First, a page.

The silicate mineral asbestos is categorized into two main groups based on fiber structure: serpentine asbestos (chrysotile) and amphibole asbestos (crocidolite, amosite, anthophyllite, tremolite, and actinolite). All forms of asbestos are capable of inducing mesothelioma, lung cancer, asbestosis, and other diseases.
However, unlike other forms of asbestos, chrysotile asbestos, the predominant form of asbestos in world markets today and in the past is well documented to have only a short residence time in lung tissue.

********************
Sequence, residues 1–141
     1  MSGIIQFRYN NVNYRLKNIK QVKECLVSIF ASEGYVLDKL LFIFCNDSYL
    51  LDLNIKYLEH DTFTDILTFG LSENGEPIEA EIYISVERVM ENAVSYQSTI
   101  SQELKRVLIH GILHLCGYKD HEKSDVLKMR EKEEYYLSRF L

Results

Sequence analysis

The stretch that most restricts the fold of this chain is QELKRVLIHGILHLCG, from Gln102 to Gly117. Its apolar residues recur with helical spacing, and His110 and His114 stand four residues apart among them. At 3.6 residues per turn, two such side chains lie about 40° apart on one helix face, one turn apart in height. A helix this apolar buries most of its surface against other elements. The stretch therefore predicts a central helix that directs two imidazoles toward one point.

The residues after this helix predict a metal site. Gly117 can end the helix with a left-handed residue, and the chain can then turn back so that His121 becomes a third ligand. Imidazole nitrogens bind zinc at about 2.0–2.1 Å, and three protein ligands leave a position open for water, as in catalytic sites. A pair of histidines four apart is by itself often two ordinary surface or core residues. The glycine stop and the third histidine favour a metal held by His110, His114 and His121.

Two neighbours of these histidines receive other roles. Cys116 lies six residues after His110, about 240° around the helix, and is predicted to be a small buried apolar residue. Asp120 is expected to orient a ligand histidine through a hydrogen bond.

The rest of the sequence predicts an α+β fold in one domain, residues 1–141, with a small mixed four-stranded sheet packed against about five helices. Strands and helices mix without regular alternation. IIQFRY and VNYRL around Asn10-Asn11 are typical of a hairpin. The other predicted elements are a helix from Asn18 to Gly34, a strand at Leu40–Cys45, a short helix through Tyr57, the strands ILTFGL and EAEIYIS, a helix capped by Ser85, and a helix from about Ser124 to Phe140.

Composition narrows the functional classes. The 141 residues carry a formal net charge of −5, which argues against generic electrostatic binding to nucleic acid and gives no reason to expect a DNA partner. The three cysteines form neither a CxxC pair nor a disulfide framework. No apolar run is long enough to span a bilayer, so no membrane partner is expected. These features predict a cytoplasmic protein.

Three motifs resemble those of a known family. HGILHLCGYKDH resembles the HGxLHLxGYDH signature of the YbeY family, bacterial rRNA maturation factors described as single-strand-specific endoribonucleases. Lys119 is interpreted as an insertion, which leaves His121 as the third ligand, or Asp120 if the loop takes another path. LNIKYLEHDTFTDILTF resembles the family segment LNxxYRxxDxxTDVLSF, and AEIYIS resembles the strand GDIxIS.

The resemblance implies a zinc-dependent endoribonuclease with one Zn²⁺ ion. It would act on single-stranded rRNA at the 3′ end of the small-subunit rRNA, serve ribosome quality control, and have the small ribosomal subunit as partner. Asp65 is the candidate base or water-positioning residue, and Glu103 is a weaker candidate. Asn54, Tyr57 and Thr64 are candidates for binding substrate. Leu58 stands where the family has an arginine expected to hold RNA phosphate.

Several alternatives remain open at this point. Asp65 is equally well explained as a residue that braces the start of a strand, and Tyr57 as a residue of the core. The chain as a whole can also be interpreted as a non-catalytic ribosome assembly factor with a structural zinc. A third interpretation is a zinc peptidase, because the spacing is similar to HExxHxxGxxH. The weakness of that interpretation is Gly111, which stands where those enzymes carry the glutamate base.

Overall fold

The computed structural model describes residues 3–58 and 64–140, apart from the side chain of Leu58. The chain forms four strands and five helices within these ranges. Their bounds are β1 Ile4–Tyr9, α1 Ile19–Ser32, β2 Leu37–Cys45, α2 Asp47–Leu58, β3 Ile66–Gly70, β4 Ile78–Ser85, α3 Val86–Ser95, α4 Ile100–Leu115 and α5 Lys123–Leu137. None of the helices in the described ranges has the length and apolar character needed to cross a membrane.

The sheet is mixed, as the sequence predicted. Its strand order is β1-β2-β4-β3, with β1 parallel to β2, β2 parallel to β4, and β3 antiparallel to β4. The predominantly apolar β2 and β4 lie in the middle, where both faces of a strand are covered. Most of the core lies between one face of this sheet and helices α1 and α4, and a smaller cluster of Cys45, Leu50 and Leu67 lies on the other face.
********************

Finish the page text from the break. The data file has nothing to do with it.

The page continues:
The World Health Organization (WHO) runs a campaign to stop the use of all forms of asbestos, including chrysotile asbestos. Also the International Agency for Research on Cancer (IARC) has classified chrysotile as a group 1 carcinogen.
The following article deals with chrysotile asbestos and a recent publication that suggests fibre detection in lung tissue for the diagnosis of asbestos disease, which would be problematic for the compensation of affected workers in practice: